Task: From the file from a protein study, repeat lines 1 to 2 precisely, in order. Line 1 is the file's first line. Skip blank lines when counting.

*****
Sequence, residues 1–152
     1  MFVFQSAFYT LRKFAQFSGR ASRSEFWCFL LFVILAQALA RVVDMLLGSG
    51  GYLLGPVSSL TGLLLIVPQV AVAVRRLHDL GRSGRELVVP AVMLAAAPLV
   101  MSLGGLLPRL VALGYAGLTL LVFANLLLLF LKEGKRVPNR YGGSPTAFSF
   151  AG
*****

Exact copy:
Sequence, residues 1–152
     1  MFVFQSAFYT LRKFAQFSGR ASRSEFWCFL LFVILAQALA RVVDMLLGSG